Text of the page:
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Description de l’éditeur
A masterly biography of Napoleon, concentrating on his private life, by the historian described by Stella Tillyard as ‘a master portraitist of great men’s private lives’ and by Amanda Foreman as ‘one of England’s greatest living historical writers’.
Modern history has produced one single myth on a heroic scale to rival those of Alexander and Caesar – that of Napoleon. The continuing fascination of this astonishingly gifted man is reflected in the number of books published each year on various aspects of the Napoleonic legend: some 250,000 volumes in all since Napoleon’s mysterious death in 1821.
What is still needed is now provided by Christopher Hibbert: an authoritative up-to-date account of Napoleon’s private life at all stages of his developing and extraordinary career, based on the fruits of modern research, his character, interests and tastes, his friendships, enmities and love affairs, his relations with the members of his remarkable family, the impressions he made on his contemporaries away from the council chamber and the battlefield, his personal life at war, in exile and as emperor in peacetime, the mystery surrounding his death: in short, the man revealed behind the soldier, statesman and legend.
About the author
Described by Professor Sir John Plumb as a ‘writer of the highest ability’ & by the New Statesman as ‘a pearl of biographers’, Christopher Hibbert is our leading popular historian whose works reflect meticulous scholarship. His books also include THE DeSTRUCTION OF LORD RAGLAN, THE COURT AT WINDSOR, LONDON and ROME, THE RISE AND FALL OF THE HOUSE OF MEDICI etc. His biography of QUEEN VICTORIA will be published in autumn 2000 (HC).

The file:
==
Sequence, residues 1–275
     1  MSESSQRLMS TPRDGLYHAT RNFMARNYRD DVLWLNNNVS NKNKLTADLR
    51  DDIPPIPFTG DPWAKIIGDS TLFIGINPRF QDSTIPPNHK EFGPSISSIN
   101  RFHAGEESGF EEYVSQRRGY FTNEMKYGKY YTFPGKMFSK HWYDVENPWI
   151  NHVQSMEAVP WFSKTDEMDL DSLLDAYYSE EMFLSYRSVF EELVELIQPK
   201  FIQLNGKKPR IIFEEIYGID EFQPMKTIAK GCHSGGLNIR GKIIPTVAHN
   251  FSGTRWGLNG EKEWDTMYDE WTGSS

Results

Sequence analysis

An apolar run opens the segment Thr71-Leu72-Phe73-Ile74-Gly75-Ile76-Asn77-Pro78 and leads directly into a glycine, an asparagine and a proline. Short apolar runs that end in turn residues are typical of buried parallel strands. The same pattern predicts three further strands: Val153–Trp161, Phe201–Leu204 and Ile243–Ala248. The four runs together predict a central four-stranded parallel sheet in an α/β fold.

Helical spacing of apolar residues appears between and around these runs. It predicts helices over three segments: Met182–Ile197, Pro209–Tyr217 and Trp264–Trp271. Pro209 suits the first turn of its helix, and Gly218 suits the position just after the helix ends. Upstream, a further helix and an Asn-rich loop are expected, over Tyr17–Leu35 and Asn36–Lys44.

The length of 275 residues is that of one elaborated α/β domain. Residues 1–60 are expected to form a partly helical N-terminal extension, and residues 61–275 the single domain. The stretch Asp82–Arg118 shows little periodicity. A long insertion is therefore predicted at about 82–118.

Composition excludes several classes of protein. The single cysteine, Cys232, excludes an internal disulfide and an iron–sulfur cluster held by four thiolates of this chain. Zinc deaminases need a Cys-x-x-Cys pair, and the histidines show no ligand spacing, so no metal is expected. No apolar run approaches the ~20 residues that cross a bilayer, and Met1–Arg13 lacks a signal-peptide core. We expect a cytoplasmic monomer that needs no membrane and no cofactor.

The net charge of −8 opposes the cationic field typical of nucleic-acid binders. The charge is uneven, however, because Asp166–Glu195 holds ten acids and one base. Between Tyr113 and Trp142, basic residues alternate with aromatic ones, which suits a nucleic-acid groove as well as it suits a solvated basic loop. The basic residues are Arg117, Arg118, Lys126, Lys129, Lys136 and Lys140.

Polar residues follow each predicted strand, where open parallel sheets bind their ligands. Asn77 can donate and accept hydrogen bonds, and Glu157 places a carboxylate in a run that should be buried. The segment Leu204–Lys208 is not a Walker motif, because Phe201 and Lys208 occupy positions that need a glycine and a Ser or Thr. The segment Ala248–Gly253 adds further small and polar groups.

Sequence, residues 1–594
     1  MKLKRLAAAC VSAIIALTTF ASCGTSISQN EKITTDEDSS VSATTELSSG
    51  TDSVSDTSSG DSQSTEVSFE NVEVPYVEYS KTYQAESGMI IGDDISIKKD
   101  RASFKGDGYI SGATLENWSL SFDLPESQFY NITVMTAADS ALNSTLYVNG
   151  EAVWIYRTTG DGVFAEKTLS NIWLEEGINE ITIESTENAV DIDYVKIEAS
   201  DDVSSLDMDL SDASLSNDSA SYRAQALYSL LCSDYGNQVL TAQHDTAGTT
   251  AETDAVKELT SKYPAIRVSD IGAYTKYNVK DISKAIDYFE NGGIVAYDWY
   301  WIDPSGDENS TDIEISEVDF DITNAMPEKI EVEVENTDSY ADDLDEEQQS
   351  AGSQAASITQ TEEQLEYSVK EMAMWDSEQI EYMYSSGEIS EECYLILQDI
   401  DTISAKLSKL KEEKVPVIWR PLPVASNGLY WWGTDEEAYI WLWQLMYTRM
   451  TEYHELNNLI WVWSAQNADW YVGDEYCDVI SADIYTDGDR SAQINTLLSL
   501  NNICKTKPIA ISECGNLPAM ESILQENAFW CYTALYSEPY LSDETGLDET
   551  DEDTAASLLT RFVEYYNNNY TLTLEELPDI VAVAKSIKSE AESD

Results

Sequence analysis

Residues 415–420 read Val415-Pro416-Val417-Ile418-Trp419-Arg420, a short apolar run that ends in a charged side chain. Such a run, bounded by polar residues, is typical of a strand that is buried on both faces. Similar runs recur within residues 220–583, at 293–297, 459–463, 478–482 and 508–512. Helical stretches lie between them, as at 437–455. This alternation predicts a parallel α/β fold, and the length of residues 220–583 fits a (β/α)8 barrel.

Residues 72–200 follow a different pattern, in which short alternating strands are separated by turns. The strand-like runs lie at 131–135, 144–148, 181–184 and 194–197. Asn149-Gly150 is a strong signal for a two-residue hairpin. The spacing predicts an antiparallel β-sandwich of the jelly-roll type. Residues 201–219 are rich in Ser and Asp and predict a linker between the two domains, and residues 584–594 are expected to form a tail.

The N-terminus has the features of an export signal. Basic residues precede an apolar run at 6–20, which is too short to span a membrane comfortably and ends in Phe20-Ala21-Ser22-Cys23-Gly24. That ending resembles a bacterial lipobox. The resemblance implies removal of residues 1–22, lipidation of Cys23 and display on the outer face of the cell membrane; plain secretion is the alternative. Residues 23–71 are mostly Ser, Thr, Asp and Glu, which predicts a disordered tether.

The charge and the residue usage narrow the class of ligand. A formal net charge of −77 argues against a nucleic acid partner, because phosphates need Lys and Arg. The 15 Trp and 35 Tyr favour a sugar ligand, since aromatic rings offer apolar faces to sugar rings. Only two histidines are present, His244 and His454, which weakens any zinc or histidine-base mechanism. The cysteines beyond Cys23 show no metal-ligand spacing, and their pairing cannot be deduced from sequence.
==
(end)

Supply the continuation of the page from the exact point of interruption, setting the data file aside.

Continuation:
Hibbert is both eclectic and prolific, and his energies are hardly flagging; in the last few years, he has produced well-regarded biographies of Wellington, Queen Victoria and George III. Hibbert has a talent for visiting old ground with a fresh eye, and as he crosses the Channel, he does not disappoint. The Napoleon who emerges is not the victor, the emperor nor even the hero brought low, but the man as revealed in his relations with the numerous women in his life: his wives, his mistresses, his sisters and his mother. It is, on the whole, not a pretty sight. Napoleon was often crude, rude, insulting and even violent toward women, some of whom unaccountably found him irresistible. Marie Walewska, the teenaged wife of a Polish count offered to Napoleon to avert the destruction of Poland, fainted at their first private encounter and was raped while unconscious. Still, she appears to have fallen in love with him, and bore his child. Poland, however, was not saved. Napoleon demanded that he be first in the heart of any woman close to him and was ruthless when he detected divided loyalties. He upbraided his stepdaughter, Hortense, for mourning the death of her little boy excessively, and saw to it that Mme. R camier's banker husband was ruined and she herself banished because she virtuously preferred her husband to him. Through all of this, Hibbert remains studiously nonjudgmental, allowing readers to form their own conclusions about the character of the great man. 16 pages color, 8 pages b&w illus. not seen by PW.